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Smithsonian Handbooks: Gemstones Paperback – May 15, 2002

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Editorial Reviews

From Wikipedia: A gemstone or gem (also called a precious or semi-precious stone, a fine gem, or jewel) is a piece of mineral, which, in cut and polished form, is used to make jewelry or other adornments.[1][2] However certain rocks, (such as lapis lazuli) and organic materials (such as amber or jet) are not minerals, but are still used for jewelry, and are therefore often considered to be gemstones as well. Most gemstones are hard, but some soft minerals are used in jewelry because of their luster or other physical properties that have aesthetic value. Rarity is another characteristic that lends value to a gemstone. Apart from jewelry, from earliest antiquity until the 19th century engraved gems and hardstone carvings such as cups were major luxury art forms; the carvings of Carl Fabergé were the last significant works in this tradition. ~~~ The traditional classification in the West, which goes back to the Ancient Greeks, begins with a distinction between precious and semi-precious stones; similar distinctions are made in other cultures. In modern usage the precious stones are diamond, ruby, sapphire and emerald, with all other gemstones being semi-precious.[3] This distinction reflects the rarity of the respective stones in ancient times, as well as their quality: all are translucent with fine color in their purest forms, except for the colorless diamond, and very hard,[4] with hardnesses of 8-10 on the Mohs scale. Other stones are classified by their color, translucency and hardness. The traditional distinction does not necessarily reflect modern values, for example, while garnets are relatively inexpensive, a green garnet called Tsavorite, can be far more valuable than a mid-quality emerald.[5] Another unscientific term for semi-precious gemstones used in art history and archaeology is hardstone. Use of the terms 'precious' and 'semi-precious' in a commercial context is, arguably, misleading in that it deceptively implies certain stones are intrinsically...

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Product Details

  • Series: Smithsonian Handbooks
  • Paperback: 160 pages
  • Publisher: DK; 2 edition (May 15, 2002)
  • Language: English
  • ISBN-10: 0789489856
  • ISBN-13: 978-0789489852
  • Product Dimensions: 5.8 x 0.5 x 8.5 inches
  • Shipping Weight: 10.4 ounces (View shipping rates and policies)
  • Average Customer Review: 4.7 out of 5 stars  See all reviews (155 customer reviews)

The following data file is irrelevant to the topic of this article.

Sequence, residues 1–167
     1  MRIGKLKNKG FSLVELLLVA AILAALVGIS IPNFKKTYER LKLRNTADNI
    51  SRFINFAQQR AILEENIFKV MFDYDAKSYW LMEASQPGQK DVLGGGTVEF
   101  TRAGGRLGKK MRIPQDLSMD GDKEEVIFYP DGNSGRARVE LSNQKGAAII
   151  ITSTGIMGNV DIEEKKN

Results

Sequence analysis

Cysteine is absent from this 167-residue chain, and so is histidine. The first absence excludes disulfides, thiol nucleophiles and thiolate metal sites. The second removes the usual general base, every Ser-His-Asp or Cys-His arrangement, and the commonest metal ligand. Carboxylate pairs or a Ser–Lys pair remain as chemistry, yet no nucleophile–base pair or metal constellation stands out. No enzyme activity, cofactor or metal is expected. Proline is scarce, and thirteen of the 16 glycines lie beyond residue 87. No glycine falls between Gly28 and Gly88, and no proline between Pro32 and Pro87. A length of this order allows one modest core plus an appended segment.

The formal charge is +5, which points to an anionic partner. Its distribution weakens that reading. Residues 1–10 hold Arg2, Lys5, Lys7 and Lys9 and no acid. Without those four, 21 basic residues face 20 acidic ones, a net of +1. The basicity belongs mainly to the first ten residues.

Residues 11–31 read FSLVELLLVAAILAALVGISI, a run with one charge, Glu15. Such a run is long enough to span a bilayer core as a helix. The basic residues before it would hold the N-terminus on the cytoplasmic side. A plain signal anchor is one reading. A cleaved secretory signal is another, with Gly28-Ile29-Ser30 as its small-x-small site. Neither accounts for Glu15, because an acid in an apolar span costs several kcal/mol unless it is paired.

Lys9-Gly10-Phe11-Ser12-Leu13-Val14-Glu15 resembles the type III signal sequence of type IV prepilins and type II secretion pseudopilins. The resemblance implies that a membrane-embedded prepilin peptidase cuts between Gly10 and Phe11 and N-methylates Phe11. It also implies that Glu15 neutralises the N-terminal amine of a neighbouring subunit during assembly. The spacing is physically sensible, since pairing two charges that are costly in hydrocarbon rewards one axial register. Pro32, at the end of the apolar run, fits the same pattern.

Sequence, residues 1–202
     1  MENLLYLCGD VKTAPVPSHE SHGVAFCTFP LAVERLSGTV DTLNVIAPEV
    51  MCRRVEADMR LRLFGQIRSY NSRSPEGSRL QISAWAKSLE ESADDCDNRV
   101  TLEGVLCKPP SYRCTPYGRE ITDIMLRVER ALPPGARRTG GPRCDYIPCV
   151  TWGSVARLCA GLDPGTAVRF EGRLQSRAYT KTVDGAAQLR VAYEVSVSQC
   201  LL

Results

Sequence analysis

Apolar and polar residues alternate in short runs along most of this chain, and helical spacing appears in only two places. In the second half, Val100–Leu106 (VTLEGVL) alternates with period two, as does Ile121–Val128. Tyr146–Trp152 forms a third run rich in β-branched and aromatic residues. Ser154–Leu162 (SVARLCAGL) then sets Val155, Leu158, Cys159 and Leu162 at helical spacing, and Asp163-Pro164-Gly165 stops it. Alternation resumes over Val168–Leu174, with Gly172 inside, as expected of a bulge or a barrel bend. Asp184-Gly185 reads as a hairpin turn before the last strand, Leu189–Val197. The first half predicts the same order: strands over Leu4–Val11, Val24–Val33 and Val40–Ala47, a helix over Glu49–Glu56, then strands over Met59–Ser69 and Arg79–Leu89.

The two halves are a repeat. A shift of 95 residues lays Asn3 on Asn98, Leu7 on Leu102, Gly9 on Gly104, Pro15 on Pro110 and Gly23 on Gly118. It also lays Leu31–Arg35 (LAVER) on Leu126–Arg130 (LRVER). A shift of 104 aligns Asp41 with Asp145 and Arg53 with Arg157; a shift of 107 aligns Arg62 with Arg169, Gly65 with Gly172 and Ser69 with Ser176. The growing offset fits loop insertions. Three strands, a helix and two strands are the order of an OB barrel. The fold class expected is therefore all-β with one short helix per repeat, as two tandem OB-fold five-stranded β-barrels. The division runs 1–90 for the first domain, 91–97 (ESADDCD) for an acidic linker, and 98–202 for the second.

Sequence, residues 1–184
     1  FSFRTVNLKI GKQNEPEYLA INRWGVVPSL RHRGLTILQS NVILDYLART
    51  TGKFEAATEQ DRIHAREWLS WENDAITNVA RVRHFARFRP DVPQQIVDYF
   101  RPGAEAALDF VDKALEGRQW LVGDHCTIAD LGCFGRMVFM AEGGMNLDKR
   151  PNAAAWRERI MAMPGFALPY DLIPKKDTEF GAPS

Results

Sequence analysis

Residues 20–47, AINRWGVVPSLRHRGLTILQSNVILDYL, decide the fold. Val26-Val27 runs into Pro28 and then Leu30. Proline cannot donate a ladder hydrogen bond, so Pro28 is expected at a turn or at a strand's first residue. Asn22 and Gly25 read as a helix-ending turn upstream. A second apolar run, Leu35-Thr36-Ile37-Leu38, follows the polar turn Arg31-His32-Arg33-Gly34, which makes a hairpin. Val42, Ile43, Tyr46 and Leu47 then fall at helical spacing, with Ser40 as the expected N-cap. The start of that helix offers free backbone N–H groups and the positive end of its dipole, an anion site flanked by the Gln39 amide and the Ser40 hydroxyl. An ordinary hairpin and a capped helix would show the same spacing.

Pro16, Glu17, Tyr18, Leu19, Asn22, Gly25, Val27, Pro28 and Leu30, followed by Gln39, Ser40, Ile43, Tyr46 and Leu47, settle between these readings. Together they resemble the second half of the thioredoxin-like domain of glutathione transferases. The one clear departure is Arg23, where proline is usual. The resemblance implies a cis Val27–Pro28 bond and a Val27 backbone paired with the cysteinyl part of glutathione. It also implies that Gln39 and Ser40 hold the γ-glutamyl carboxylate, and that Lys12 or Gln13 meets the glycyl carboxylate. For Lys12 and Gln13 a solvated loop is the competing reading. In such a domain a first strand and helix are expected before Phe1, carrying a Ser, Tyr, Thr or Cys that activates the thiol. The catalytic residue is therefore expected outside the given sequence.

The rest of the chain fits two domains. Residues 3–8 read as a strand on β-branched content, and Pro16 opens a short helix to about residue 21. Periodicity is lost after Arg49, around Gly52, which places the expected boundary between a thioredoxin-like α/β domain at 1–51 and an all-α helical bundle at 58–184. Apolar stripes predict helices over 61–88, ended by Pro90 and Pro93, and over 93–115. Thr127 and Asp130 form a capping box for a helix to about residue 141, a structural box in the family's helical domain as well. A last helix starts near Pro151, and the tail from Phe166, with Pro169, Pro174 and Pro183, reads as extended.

• Amazon Best Sellers Rank: #21,094 in Books (See Top 100 in Books)

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130 of 133 people found the following review helpful By Rebecca Huston on September 2, 2007
Format: Paperback Verified Purchase
I fear that I am a bit of a magpie. I like shiny sparkly things, and the usual response is Ooooh! Shiny! And as a young one, when taken on various trips, I started to take an interest in rockhounding and geology. It was finding gemstones that were the real fun, seeing these little bits of glittery rock that turned out to be sapphires or amethysts or garnets. Life would take me in different directions, but the interest in pretty, glittery rocks has remained.

Smithsonian Handbooks: Gemstones is one of those lovely little books that is crammed full of information and pictures, along some folklore and bits of trivia that add to the mystique of gemstones. Compiled by Cally Hall, it's a very readable book, filled with more than 800 photographs, with a text that while it is slanted towards scientific terms, is very readable and accessable.

The first section of the book is an extended introduction to what makes a gemstone different than say, a mineral, although they might be composed of the same chemicals. A brief history of how gemstones and precious metals (silver, gold and platinum) have been shaped, worn and coveted. One section that I found very intesting was the explaination of the Mohs scale used to determined hardness -- it ranges from 1 to 10, with talc at the bottom, and diamond at the top, and how a stone is determined to fit in along the scale. Another fascinating section is how light and crystallization help to determine gemstones, and what part they play in how a stone is shaped and graded. There is also a section on synthetic gemstones and how they have been created over the centuries, and how the colour of stones can be changed by irradiation, heating and staining the stones.